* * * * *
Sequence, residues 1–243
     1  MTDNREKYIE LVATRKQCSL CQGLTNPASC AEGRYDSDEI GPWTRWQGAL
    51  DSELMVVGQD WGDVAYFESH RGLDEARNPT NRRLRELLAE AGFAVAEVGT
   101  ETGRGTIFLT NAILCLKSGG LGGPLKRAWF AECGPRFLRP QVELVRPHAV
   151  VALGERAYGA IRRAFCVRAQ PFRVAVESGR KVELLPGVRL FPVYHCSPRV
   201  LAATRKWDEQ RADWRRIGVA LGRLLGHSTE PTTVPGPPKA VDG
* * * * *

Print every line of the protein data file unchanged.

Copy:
Sequence, residues 1–243
     1  MTDNREKYIE LVATRKQCSL CQGLTNPASC AEGRYDSDEI GPWTRWQGAL
    51  DSELMVVGQD WGDVAYFESH RGLDEARNPT NRRLRELLAE AGFAVAEVGT
   101  ETGRGTIFLT NAILCLKSGG LGGPLKRAWF AECGPRFLRP QVELVRPHAV
   151  VALGERAYGA IRRAFCVRAQ PFRVAVESGR KVELLPGVRL FPVYHCSPRV
   201  LAATRKWDEQ RADWRRIGVA LGRLLGHSTE PTTVPGPPKA VDG